333 Squadron, Royal Norwegian Airforce at Woodhaven

333 Squadron of the Royal Norwegian Airforce was formed when the Norwegian flag was first raised at Woodhaven on February 8th 1942. Ten days later the first Catalina PBY aircraft, designated W8424 and called Vingtor after the old Norse War God, landed in the bay.

Finn Lambrechts, the squadron’s first commander, and his flight engineer, Hans Ronningen, had flown the northern route of the Norwegian Airline DNL before they escaped from the Germans, as many others did by a variety of routes finally leading to Britain. Commander Lambrechts had observed that German defences were weak along the coast of Heligoland so that it would be possible to put agents ashore to watch and report on German coastal shipping. His proposal to form a unit was supported by the Norwegians and finally received the approval of Coastal Command.

Woodhaven was chosen as the base because of its relatively isolated location which served the need for secrecy, and Catalinas – designed for anti submarine warfare and convoy escort duties – were chosen for the work. Norwegians from all over the world provided the ground crews, flight engineers and other staff needed. Initially the unit was a detachment from 210 Squadron RAF Coastal Command designated No 1477 Flight.

The Catalinas flew agents into Norway during 1942 and most of 1943. When these activities became too well known to the Germans they were used for anti submarine work and convoy escort duties to protect the American convoys heading for Murmansk. The Catalinas also patrolled ahead of the convoys to report on ice conditions. Towards the end of the war they again began to take in agents. Coded messages broadcast by the Norwegian service of the BBC were used to tell agents (and the squadron) the day on which they would be picked up or receive supplies. Sometimes the weather interfered and the date, but not the time, of an operation would be changed.

On 23rd December 1942, they flew from Woodhaven to Norway to deliver 52 sacks of Christmas presents from a height of 50 feet.

Only one casualty occurred to the Catalinas during the war when one of the flying boats was crippled by anti-aircraft fire on a raid to Norway, but it managed to get back in safety.

In March 1943 six Mosquitoes under the command of Captain Larsen were sent to Leuchars to carry out offensive action along the Norwegian coast line. On May 10th 1943 the two units were officially established as a squadron. ‘A’ Flight flew Catalinas from Woodhaven and ‘B’ Flight operated Mosquitoes from Leuchars. The squadron motto is ‘Our King our Country and the honour of our Flag’.

Contact between the Norwegians and Woodhaven residents was chiefly through William Rankine who was a firm friend of Norway and came to mean a lot to the young airmen. Other locals also did their best to help and one such was Lady Bluebell Walker who opened her home (later to become the Sandford Hotel) to the Norwegians.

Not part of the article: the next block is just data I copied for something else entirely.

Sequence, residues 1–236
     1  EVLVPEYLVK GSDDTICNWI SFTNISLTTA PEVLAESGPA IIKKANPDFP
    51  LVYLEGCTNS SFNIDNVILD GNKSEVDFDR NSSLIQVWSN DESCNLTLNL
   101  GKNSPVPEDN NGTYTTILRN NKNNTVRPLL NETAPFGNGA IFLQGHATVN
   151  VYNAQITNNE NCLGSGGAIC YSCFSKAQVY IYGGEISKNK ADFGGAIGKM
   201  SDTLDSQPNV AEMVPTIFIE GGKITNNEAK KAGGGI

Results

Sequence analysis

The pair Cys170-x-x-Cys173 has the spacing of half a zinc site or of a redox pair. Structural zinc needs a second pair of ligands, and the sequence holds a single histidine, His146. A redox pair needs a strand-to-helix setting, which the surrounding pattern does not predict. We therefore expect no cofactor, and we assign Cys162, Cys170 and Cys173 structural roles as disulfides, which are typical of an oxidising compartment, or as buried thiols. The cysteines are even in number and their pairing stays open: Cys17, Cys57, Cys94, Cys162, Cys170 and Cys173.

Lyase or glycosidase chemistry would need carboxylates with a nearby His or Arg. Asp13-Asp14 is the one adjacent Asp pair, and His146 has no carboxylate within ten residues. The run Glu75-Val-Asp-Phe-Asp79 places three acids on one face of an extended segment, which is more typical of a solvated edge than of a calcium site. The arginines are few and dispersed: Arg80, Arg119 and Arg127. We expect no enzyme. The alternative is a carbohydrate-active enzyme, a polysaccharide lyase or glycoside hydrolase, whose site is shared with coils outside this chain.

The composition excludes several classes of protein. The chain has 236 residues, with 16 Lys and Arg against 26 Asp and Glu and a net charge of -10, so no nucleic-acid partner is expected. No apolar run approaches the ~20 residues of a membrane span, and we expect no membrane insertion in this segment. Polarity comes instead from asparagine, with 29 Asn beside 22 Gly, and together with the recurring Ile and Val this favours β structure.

King Haakon visited the unit 3 times and Crown Prince Olav once. In July 1944 King Haakon planted the two laburnum trees which are now tended by the Wormit Boating club.

The Squadron used the ‘Mars Sheds’ at Woodhaven Pier and also took over Rock House as a headquarters. Local properties, including Dunvarlich and Netherlea, were also used.

Immediately after the war the 333 Squadron took an active part in the reconstruction of northern Norway and the island settlements. Careful planning was needed to cope with the huge demand for help to restore communications.
In due course the Catalina aircraft was pensioned off to be replaced first by the Albatross and later by the Orion – a 4-engined aircraft with a cruising range of 16 to 18 hours. B Flight was later formed into 334 Squadron and now operates the Starfighter.
333 Squadron’s primary task remains the surveillance of surface underwater and air traffic including rescue operations along the Norwegian coast and in the neighbouring ocean areas. Since January 1st 1977 it has also had the specific task of watching over Norway’s 200 mile economic zone.

The memorial stone with its bronze plaque next to the laburnums and the flag pole at the Boating Club’s Race Box were generously provided by the Norwegians following correspondence between David Owen when Treasurer and Major (later Colonel) Egil Johansen who flew many missions to Norway from Woodhaven. The stone was unveiled on 4th May 1975 by General Stenwig, R No A F, a Woodhaven veteran.

To this day, Norwegians still visit Woodhaven and the Norwegian flag is flown on Norwegian National Day, maintaining a tradition started by Mr Rankine after the war.

Over 840 photographs taken by the Norwegians during their stay are now here in the Galleries.

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